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01/05/14 - Havana Times - Speeding Up Changes in Eastern Cuba 

Alberto N Jones

The Bucanero Tavern in Santiago de Cuba.  Photo: Janis Hernandez

HAVANA TIMES - What has sadly become a ritual in Cuba are the yearly mea
culpa of the heads of the nation's most important institutions for failing
to fulfill the meager projections they had set for themselves.

Some spokespeople of these institutions have created a language of their
own, trying to convince an increasingly skeptical population, who year
after year, have been deprived of the goods and services they were charged
to provide.

Food is in short supply, the sugar industry is dwindling, drinking water is
scarce and of poor quality, sewage frequently flows untreated above ground,
public transportation is a disaster and housing is in critical disrepair.

Numerous barely passable roads and highways are a major cause of accidents,
healthcare service has deteriorated with the resurgence of transmissible
diseases, tarnishing the nation's health care image and failing schools are
putting the nation's future at risk.

President Raul Castro has called to stop blaming the embargo for our
failures, but it is still a fashionable introduction for every malady,
trying to justify the unjustifiable. Triumphalism and secrecy has been
denounced but remains entrenched in many hearts and minds.

The first major entity to come out acknowledging its shortcoming was the
Ministry of Tourism, shedding tears for failing to reach its meager 2%
growth, which would have landed 3,000,000 tourists in Cuba.

On the road to Baracoa. Photo: Lazaro Gonzalez

The City of Baracoa and Santiago de Cuba were founded by Diego Velazquez in
1511 and 1514 respectively and Saint Augustine, Florida, was founded by
Pedro Menendez in 1565.  Baracoa and Saint Augustine each have today
approximately 60,000 inhabitants, while Santiago de Cuba is close to half a
million.  All three cities are part of UNESCO World Heritage.

Saint Augustine is 10% de size of Santiago de Cuba and 20% of its historic,
cultural, scenic and natural beauty, but it attracts five million tourists
a year.

Some people argue that the development of this unique Spanish colonial city
of the United States East Coast is due to its strategic location 120 miles
away from Orlando and its 50 million annual visitors.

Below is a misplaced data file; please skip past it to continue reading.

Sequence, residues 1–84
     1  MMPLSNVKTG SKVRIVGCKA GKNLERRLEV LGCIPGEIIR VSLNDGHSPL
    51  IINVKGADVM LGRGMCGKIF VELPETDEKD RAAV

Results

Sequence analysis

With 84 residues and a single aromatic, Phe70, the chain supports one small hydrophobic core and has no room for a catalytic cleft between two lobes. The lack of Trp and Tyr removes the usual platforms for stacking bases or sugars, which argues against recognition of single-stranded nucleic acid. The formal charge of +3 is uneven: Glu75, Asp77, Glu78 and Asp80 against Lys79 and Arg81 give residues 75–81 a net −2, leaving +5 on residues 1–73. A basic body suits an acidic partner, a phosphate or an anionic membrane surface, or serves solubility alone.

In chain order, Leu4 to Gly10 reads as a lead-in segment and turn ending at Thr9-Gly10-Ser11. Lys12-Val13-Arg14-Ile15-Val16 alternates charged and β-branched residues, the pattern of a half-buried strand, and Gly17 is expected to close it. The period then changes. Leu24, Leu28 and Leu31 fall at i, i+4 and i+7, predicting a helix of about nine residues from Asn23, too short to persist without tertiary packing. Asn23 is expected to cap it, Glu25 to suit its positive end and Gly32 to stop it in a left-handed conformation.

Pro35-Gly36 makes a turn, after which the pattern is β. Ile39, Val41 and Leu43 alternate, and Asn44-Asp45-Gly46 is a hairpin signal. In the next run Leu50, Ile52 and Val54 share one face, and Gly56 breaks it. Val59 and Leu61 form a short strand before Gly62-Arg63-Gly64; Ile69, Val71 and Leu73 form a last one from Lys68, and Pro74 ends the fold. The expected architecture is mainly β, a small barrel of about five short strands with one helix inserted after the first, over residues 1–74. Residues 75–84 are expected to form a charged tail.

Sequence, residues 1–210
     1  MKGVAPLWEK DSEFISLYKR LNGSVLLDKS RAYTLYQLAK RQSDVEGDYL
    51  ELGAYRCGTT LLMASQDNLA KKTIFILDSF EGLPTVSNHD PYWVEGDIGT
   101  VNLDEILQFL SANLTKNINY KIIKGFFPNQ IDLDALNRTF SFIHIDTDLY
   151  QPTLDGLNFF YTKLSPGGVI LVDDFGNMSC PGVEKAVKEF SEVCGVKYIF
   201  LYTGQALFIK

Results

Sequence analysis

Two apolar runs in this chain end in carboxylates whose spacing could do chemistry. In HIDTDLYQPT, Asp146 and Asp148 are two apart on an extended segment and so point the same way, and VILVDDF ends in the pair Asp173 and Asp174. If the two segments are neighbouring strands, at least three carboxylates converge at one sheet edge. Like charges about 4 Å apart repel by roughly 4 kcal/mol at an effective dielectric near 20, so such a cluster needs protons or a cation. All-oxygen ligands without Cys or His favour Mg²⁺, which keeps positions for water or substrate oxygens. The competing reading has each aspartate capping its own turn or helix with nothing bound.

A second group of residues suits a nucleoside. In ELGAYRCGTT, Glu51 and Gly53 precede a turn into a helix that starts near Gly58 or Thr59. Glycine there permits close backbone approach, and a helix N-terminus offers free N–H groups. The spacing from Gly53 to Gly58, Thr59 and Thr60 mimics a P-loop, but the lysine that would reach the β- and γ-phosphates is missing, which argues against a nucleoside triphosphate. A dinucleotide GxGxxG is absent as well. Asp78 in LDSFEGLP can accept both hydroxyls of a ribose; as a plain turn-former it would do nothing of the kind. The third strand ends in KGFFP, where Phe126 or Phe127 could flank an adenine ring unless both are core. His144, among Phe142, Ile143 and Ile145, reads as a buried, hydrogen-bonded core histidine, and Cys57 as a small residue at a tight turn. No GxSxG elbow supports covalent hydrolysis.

Santiago de Cuba on the other hand, is a mere 2-3 hours flying time from
all of its Central America and Caribbean neighbors.

The crux of the matter is that while St. Augustine has developed a wide and
intensive promotion of its community around the nation and abroad, the
former province of Oriente has never had any promotion or tried to sell
itself in the region.

Cuban Radio and TV stations have no programming geared to the region and
its tourist fair, business, cultural, religious, coastal trade and
professional exchanges, are virtually non-existent in this entire region.

This year, the Ministry of Tourism displayed its most aggressive promotion
of Cuba as the Caribbean choice destination in central-eastern Europe, the
Middle East, Japan and South America.

An apparent pre-conceived prejudice towards the purchasing power of the
Caribbean has led leaders of the tourist and other entities in Cuba, to
underestimate and disregard the region.

Ignoring southeastern Cuba's unique geography, distinct culture, history,
traditions and hospitality, have forsaken an enormous unexploited
economical potential, by those decrying the lack of tourists arrivals.

Southeastern Cuba has the least developed tourist infrastructure in the
nation, with one quasi "5 star hotel", a partially functioning "4 star
Hotel" and others referred to as "3 stars." The large Hotel Venus and once
most prestigious Hotel Imperial are closed and crumbling for over 40 years.

Panoramic view of Baracoa. Photo: Lazaro Gonzalez

No one believes that a lack of attractions is the culprit for Oriente
underdevelopment, having the Rough Riders landing site in Daiquiri and
Siboney, San Juan Hills, the Morro Castle and the sunken wreckage of the
Spanish fleet, General Antonio Maceo's home and Square, the Bacardi Museum,
Jose Marti Mausoleum,  Santa Efigenia cemetery, the Gran Piedra Coffee
ruins, the Moncada Garrison, the Basilica of the Virgin of Charity, the
site of the Protest of Baragua and Loma del Gato, where General Jose Maceo
fell in combat.

The English Speaking Caribbean and Haitian community have Goat Hill in
Guantanamo, Caimanera, overlooking the Guantanamo Naval Base, the Alexander
Humbolt Biophere natural reserve and Baracoa.

Oriente also includes the sites of the beginning of Cuba's two Wars of
Independence, the city where national anthem was written, the home of the
Father of the Cuban Nation, the site where slaves were freed, the Granma
landing and the Sierra Maestra.  One of Cuba's best beaches in
Guardalavaca, Christopher Columbus landing site in Bariay and Cuba's
largest archeological site in Banes suffice.

All these are more than enough to attract an additional million tourists to
Cuba.

Why is it then, that the Ministry of Tourism and other major entities have
not engaged their counterparts in the Caribbean and Central America, to
promote tourism joint ventures, health care tourism, retirement and
eldercare services for people in dire need of a beautiful, safe, cost
effective living conditions, capable of generating tens of millions of
dollars and thousands of jobs?


Original Source / Fuente Original: http://www.havanatimes.org/?p=101024


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